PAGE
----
Bird photography is quite a difficult style of photography. It’s even harder if you don’t know or understand the camera settings you need to do it. I have been photographing birds for over 7 years and sold many of my bird calendars and thousands of prints. In this article, you will learn all about aperture for bird photography and what is the best f stop to use.
The best f stop for bird photography is between f/7.1 and f/9.0. The reason for this is that most lenses produce their sharpest images at these apertures. Which aperture value you choose will depend on how much light you have available when the image is taken.
Using an aperture of between f/7.1 and f/9.0 will result in a nice depth of field and a sharper image. Continue reading to discover more about aperture in bird photography and how to get the best results for your images.
As an Amazon Associate, I earn from qualifying purchases. Birdwatch World earns commissions from Amazon and similar affiliate programs from any purchases made via links in this article.
How The f Stop Affects Your Bird Photos
Before we understand what the best f stop for bird photography is and why we should use it, we need to understand the effect aperture has on our images.
Just in case you don’t fully understand aperture and f stops, I’ll explain them to you. If you already know what these are, skip to this point in the article.
What Is Aperture?
The aperture is the adjustable hole inside a camera lens. It opens up to let more light into the camera or closes down to let less light in. It is measured in numbers called f stops. The smaller the f stop number, the wider the aperture is and the more light that is let in. The larger the f stop number, the smaller the aperture is and the less light that is let in.
Each lens you own will have its widest and smallest apertures labeled on the side of the lens.
In the diagram below, you can see that the aperture not only controls the amount of light coming into the camera but also the depth of field (DOF).
Depth of field is how much of the image in front of or behind the subject is in focus. If the background behind a subject is quite blurry, this is called a shallow depth of field. If the background is more in focus, this is called a deep depth of field.
Two other factors also influence the depth of field and they are focal length and distance to the subject. Both of the images of New Holland Honeyeaters above were taken at f/5.6 and a focal length of 200mm. In the second image, the camera was further away from the bird when the photo was taken. Hence, the image has a deeper depth of field.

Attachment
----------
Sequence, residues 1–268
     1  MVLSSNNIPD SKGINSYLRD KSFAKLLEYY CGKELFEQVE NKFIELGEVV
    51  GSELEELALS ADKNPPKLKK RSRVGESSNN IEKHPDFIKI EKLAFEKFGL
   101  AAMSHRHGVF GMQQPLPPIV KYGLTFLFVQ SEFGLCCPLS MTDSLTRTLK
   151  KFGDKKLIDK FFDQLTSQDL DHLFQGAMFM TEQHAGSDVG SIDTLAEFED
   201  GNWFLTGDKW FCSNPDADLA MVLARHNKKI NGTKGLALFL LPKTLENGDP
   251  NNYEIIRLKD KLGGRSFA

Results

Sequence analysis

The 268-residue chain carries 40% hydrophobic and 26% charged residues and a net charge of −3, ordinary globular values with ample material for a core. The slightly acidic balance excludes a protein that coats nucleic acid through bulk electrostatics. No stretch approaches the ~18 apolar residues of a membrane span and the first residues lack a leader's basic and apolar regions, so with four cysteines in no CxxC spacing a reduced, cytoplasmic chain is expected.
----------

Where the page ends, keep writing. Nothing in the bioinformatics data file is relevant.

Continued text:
Aperture Vs Depth Of Field
We know that aperture affects how much depth of field we will have in our photos. Wider apertures such as f/4.0 produce a shallow depth of field and smaller apertures like f/22 will give a deeper depth of field. However, we also know that the distance to our subject and focal length affect the depth of field as well. So how do we choose the right aperture to get the depth of field we want?
Wide Aperture For Shallow DOF
If a wide aperture such as f/4.0 will produce a nice blurry background and leave our bird nicely in focus then is it best to leave your aperture set to its widest setting?
You would think this might be a good idea but the problem is that most lenses do not produce very sharp images at their widest apertures. Generally, lenses will take the sharpest images at around f/8.0.
Also, we want to get as much of the bird’s body in focus as we can too. Using a wider aperture like f/4.0 is going to produce a really shallow depth of field which might leave some of the bird or its perch out of focus.
But if an aperture of f/8.0 gives a deeper depth of field, then how do we achieve a nice blurred background using f/8.0?
This is where the distance to our subject and zoom comes in. To get a nice blurry background at apertures like f/8.0, you need to get closer to the bird. There are two ways of doing this; either you get physically closer which may not always be possible with birds, or you zoom in.
Moving closer to your subject and zooming in produce the same effect – the closer you get (by either moving in or zooming in) the shallower your depth of field will be, hence the blurrier the background will be.